Guitarist Chris Flory has predominately performed in bop and swing settings, having worked with Benny Goodman, Bob Wilber, Ruby Braff and Scott Hamilton. But though he has long had a love for blues, aside from appearing as a sideman on a date by Duke Robillard, he has had few opportunities to record extensively in the genre. So this session for Arbors is a bit different from his earlier CDs as a leader, though he doesn't just draw from soul jazz small groups with tenor organ and guitar for inspiration. The guitarist recruited organist Mike LeDonne, tenor saxophonist Dan Block, trumpeter Jon-Erik Kellso and drummer Chuck Riggs, playing blues-drenched takes of standards and a number of obscurities.
Count Basie, who enjoyed playing organ on occasion, penned "Swinging On a Daisy Chain," which Flory uses to feature Block in the lead with Kellso and LeDonne providing a pep section behind him. The breezy setting of Eddie "Lockjaw" Davis' "Bean-O" (written and named long before the popular over-the-counter medicine) also sizzles. Flory takes the lead in "The Lamp is Low" (a decades-old standard derived from a work by French Impressionist Maurice Ravel), producing a solid groove that would get any club audience patting their feet to the music. Flory's one original, "J H Blues," is dedicated to Jimi Hendrix but sounds little like the late rocker. Flory's fans will be surprised with this very different CD.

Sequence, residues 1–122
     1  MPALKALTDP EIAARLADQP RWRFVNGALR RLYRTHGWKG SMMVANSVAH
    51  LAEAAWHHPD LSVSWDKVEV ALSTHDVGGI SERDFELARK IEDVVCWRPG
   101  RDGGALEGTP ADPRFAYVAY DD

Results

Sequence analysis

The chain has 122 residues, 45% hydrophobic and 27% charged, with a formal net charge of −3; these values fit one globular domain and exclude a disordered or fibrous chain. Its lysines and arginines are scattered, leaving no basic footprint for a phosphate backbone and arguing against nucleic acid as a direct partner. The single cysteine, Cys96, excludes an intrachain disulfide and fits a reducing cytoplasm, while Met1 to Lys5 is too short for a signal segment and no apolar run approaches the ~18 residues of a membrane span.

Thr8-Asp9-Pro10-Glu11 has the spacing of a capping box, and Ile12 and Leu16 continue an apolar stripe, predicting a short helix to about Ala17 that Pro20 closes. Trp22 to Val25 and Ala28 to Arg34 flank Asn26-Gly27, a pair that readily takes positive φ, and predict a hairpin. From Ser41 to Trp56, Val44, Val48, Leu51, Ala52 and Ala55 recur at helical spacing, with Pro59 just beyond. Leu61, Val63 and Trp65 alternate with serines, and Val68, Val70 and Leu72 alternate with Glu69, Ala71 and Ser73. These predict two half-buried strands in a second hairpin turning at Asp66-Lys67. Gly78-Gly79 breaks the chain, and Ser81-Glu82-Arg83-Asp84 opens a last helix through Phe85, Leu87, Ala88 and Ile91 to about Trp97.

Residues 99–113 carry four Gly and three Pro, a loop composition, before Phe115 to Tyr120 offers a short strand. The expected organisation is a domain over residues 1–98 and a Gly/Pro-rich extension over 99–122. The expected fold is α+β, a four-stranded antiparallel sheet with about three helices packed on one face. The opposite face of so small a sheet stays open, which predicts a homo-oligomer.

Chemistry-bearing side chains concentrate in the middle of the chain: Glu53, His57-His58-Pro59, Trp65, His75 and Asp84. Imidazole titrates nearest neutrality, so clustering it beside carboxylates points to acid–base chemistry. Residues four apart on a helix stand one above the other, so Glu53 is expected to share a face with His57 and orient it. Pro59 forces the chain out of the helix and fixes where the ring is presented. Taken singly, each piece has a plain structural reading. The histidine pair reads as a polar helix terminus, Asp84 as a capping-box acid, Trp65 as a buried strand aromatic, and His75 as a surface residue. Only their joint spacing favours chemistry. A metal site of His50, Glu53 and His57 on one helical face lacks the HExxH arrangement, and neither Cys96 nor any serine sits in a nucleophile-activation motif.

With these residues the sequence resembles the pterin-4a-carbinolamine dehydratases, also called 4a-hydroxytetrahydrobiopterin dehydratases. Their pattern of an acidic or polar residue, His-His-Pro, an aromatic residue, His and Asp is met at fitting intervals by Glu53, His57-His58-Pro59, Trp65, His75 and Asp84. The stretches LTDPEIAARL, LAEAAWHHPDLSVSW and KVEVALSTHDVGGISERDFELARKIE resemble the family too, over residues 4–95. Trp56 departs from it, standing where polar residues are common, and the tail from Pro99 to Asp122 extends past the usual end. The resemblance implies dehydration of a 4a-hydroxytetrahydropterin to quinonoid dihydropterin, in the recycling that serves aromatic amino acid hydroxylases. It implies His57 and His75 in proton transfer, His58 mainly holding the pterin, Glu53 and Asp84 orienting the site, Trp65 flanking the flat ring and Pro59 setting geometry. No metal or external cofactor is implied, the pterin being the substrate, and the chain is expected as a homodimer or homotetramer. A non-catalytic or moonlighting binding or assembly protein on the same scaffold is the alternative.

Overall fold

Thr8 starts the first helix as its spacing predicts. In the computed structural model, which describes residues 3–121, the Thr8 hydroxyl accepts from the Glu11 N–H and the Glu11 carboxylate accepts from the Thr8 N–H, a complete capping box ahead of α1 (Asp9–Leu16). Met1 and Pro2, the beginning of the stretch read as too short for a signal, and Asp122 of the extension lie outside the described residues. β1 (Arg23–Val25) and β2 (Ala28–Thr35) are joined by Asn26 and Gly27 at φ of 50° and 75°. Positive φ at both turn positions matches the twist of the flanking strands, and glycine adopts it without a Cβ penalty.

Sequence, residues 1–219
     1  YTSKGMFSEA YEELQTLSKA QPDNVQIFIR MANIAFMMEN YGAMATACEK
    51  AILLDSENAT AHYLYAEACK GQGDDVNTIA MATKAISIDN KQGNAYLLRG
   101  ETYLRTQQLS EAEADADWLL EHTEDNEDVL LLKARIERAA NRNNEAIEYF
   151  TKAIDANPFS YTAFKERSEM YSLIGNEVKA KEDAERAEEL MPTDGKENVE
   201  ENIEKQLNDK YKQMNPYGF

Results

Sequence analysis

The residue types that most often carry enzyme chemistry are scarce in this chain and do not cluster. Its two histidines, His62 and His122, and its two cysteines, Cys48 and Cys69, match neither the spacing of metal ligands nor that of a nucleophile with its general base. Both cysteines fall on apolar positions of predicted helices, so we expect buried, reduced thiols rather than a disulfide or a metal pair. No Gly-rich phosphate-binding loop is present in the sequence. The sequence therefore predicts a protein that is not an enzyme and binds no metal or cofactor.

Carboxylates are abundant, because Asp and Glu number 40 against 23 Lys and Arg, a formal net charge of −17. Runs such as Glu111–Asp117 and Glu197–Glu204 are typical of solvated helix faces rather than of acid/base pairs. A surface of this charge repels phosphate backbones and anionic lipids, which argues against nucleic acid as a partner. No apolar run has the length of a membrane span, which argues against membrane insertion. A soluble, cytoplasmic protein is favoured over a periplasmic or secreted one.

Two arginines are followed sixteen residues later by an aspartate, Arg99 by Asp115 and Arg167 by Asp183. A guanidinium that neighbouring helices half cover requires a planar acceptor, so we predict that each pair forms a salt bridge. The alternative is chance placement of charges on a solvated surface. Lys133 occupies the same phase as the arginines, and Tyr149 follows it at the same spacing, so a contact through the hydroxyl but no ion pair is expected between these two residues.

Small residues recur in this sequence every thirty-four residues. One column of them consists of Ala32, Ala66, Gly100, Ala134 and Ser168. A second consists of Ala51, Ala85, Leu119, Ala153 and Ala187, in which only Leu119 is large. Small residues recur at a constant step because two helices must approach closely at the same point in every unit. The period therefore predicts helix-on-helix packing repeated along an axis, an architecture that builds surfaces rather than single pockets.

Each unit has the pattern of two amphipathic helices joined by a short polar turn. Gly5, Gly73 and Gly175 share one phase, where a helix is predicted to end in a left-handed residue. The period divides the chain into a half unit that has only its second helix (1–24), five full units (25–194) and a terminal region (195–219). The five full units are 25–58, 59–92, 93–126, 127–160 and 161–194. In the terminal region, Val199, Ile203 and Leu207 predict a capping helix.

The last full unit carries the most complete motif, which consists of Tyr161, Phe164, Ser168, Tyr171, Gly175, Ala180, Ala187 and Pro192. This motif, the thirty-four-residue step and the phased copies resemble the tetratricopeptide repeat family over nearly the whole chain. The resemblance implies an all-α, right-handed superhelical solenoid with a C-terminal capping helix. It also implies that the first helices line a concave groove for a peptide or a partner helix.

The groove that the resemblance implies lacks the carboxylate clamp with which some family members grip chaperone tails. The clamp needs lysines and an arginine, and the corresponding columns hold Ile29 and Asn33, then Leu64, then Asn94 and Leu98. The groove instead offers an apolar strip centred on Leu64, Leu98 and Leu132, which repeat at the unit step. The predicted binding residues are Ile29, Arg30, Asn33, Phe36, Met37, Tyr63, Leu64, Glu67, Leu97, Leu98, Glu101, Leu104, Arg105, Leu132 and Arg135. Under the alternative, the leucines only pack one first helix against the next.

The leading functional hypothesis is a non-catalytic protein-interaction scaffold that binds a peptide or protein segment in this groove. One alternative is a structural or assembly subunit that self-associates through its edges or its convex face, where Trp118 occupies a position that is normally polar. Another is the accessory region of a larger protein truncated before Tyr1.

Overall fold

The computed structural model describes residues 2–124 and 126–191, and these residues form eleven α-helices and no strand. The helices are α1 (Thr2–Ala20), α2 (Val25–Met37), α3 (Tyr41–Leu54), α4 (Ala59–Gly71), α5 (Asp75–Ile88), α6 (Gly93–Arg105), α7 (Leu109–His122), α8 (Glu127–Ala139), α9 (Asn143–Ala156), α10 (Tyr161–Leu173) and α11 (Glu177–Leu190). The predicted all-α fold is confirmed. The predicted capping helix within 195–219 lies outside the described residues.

Track Listing: J H Blues; For You, For Me, Forever More; Swinging at The Daisy Chain; The Lamp Is Low; I
Want a Little Girl; Three Little Words; Bean-O; Young and Foolish; A Beautiful Friendship;
Vignette; Mister Goodbeat.
Personnel: Chris Flory: electric guitar; Mike LeDonne: organ; Dan Block: tenor sax; Jon-Erik Kellso: trumpet; Chuck Riggs: drums.
I was first exposed to jazz as a child in Boston and at a Sun Ra concert.
I met Jaco Pastorius as a teenager in NYC.
The best show I ever attended was The Gap Band.
The first jazz record I bought was Heavy Weather.